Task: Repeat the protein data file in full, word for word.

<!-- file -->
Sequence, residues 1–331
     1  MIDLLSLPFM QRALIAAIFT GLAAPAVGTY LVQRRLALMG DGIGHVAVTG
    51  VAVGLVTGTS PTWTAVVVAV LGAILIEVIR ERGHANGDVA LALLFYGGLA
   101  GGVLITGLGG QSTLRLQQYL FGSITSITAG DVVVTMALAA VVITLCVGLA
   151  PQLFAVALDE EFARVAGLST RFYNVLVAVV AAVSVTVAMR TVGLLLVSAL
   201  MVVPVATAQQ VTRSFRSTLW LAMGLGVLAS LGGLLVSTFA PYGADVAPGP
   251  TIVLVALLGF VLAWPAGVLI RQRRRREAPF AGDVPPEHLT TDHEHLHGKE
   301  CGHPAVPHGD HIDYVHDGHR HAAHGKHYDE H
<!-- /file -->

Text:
Sequence, residues 1–331
     1  MIDLLSLPFM QRALIAAIFT GLAAPAVGTY LVQRRLALMG DGIGHVAVTG
    51  VAVGLVTGTS PTWTAVVVAV LGAILIEVIR ERGHANGDVA LALLFYGGLA
   101  GGVLITGLGG QSTLRLQQYL FGSITSITAG DVVVTMALAA VVITLCVGLA
   151  PQLFAVALDE EFARVAGLST RFYNVLVAVV AAVSVTVAMR TVGLLLVSAL
   201  MVVPVATAQQ VTRSFRSTLW LAMGLGVLAS LGGLLVSTFA PYGADVAPGP
   251  TIVLVALLGF VLAWPAGVLI RQRRRREAPF AGDVPPEHLT TDHEHLHGKE
   301  CGHPAVPHGD HIDYVHDGHR HAAHGKHYDE H